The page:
In 1980, Marcia Hines’ fourth studio album Ooh Child was released and, like all her previous albums, was a huge success.
But her relations with producer Robbie Porter were at breaking point – he had imported two singers, Monalisa and Terry, from the US to accompany Marcia on the album, telling the singer that he could recreate her sound without her.
So, at great financial cost, Marcia terminated her contract with Porter. She still had two years left on her contract with Wizard Records but with the release of Ooh Child she had satisfied her contractual obligations to the company that she joined back in 1974 and was free to leave.
But after all the in-fighting and contractual disagreements with Porter, Marcia had an 18-month hiatus between the hit song ‘Something’s Missing (In My Life)’ from the Ooh Child album and her next big Australian hit in 1981, titled ‘Your Love Still Brings Me To My Knees’. The song which stayed in the charts for 18 weeks,
Early in 1981, though, Marcia moved to London for three months to make a new album with Midnight Records.
David McKay from Midnight was a very different producer to Porter, easier to get along with and far less controlling, and when he asked Marcia what she would like to record, she nominated the Jimmy Cliff classic ‘Many Rivers To Cross’.
When it was released in August that year, the song hit the top 10 in most European countries.
Marcia went on to take a controlling role in the recording of her first Midnight Records album Take It From The Boys but although the album and the follow-up, Love Sides, did reasonably well, they didn’t hit the heights of her previous albums in Australia.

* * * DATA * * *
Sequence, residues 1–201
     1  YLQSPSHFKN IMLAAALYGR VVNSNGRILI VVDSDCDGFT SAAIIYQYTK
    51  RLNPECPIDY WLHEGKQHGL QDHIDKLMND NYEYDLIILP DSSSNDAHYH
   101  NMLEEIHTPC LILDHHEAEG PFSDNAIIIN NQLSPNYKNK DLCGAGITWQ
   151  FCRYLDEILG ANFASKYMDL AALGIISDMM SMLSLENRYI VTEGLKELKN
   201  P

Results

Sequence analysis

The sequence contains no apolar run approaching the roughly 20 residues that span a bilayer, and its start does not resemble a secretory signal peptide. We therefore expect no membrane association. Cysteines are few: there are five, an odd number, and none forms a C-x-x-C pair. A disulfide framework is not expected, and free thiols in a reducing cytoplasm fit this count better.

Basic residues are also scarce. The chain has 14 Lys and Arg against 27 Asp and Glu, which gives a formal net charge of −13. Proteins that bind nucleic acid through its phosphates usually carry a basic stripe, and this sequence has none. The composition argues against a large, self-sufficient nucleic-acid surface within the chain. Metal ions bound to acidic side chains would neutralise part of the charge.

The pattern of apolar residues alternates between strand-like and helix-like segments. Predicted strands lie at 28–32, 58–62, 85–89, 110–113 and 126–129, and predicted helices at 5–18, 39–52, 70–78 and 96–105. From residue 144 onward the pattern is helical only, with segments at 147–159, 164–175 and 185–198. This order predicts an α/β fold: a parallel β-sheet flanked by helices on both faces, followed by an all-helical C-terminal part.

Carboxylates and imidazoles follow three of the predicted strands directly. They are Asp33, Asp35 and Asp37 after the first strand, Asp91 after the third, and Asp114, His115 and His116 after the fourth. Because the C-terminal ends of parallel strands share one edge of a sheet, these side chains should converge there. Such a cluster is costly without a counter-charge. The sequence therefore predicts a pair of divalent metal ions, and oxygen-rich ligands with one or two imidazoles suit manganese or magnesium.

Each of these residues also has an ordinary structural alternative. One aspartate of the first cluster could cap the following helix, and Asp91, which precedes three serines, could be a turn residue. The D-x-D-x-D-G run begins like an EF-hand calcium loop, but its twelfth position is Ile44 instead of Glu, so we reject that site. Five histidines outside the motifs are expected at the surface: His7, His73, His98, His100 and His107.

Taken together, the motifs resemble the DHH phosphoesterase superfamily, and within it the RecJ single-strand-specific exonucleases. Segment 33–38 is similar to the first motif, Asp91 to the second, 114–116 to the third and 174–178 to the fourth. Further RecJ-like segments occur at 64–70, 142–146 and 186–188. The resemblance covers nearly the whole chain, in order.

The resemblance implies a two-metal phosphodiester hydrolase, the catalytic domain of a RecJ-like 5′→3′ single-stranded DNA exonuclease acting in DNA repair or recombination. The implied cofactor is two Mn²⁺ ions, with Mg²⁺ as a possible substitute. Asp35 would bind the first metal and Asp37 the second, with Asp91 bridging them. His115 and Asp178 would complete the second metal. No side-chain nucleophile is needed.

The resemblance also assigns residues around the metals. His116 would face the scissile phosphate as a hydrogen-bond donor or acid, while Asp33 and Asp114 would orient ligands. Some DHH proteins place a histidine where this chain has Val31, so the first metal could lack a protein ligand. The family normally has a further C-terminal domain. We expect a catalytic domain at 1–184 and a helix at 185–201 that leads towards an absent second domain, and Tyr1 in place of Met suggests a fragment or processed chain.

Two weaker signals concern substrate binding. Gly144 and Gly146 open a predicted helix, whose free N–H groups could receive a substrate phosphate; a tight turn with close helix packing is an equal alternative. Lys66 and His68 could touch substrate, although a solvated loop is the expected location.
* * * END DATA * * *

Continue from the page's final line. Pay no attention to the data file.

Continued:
In 1982, Peter Rix, the manager of Hush records in Australia, decided to bring Marcia back to Australia and team her up with singer Jon English. English had enjoyed a great decade in the 70s and had just finished a successful TV series Against the Wind. The hit song from the series, ‘Six Ribbons’, which he sang, was in the Aussie top 10 and he was also touring the country, playing to packed houses.
The Jon-and-Marcia joint venture started off low-key at the St. George Leagues Club in Sydney but developed into a very successful Australasian tour called Jokers and Queens, and ended up lasting two years.
But although the two stars were very professional on stage, they had nothing in common; Jon was volatile and Marcia easy-going. They didn’t hate each other but developed a dysfunctional relationship in which they argued, bitched and battled a lot, so much so that their band members used to lay bets on when the first fist fight would develop.
So, in late 1984, with her daughter Deni now in high school and on the advice of Hush boss Rix, Marcia decided to put her solo career on hold and take a break from the entertainment world. She needed to be a mother and have some time for herself.
The star couldn’t be kept away from the stage long, however. In 1987, Marcia again tried her hand in a play Are You Lonesome Tonight, about the final hours of Elvis Presley, in which she played his maid and had to sing off-key – no easy task for the talented songstress.
Her next stage performance was in Jerry’s Girls, alongside Judy Cornelli and Jeannie Little, but she was not happy and instead yearned for the days of musicals Hair and Jesus Christ Superstar.
But that didn’t deter the performer from trying new formats. In 2003, Marcia became a judge on Australian Idol and her return to the limelight was completed when appeared in the Australian top 10 the year later with the album Hinesight: Songs From The Journey. Another top 10 album, Discotheque, a collection of Marcia’s versions of disco classics, came the following year.
Her many achievements were honoured in January 2009 when she was named A Member Of The Order Of Australia but Marcia had not finished singing yet; in 2010 she recorded Marcia Sings Tapestry, a cover of Carole King’s 70s hit.
Nor were her ideas drying up. In 2014, Marcia recorded her first album of original tracks in two decades, called Amazing, and then starred in the disco musical Velvet. A year later she recorded a version of Nancy Sinatra’s 60s smash hit ‘These Boots Were Made For Walking’, which became the theme song for the TV series The Real Housewives Of Melbourne.
She has further TV ambitions, though. Just this year the star said that she’d love to do an acting stint on long-running soapie Neighbours, continuing her 47-year run in the limelight.